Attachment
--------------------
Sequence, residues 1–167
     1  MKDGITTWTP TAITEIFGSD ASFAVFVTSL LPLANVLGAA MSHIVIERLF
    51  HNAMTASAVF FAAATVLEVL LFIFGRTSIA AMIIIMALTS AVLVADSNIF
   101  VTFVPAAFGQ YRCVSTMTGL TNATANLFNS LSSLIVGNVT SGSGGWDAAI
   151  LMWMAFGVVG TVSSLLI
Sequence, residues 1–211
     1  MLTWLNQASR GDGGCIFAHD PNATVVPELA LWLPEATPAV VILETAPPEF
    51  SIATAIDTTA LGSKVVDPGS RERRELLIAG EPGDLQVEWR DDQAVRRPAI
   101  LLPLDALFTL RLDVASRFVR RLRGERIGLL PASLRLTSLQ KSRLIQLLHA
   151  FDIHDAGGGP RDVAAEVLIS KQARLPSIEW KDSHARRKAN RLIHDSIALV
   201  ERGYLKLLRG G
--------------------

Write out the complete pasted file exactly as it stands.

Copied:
Sequence, residues 1–167
     1  MKDGITTWTP TAITEIFGSD ASFAVFVTSL LPLANVLGAA MSHIVIERLF
    51  HNAMTASAVF FAAATVLEVL LFIFGRTSIA AMIIIMALTS AVLVADSNIF
   101  VTFVPAAFGQ YRCVSTMTGL TNATANLFNS LSSLIVGNVT SGSGGWDAAI
   151  LMWMAFGVVG TVSSLLI
Sequence, residues 1–211
     1  MLTWLNQASR GDGGCIFAHD PNATVVPELA LWLPEATPAV VILETAPPEF
    51  SIATAIDTTA LGSKVVDPGS RERRELLIAG EPGDLQVEWR DDQAVRRPAI
   101  LLPLDALFTL RLDVASRFVR RLRGERIGLL PASLRLTSLQ KSRLIQLLHA
   151  FDIHDAGGGP RDVAAEVLIS KQARLPSIEW KDSHARRKAN RLIHDSIALV
   201  ERGYLKLLRG G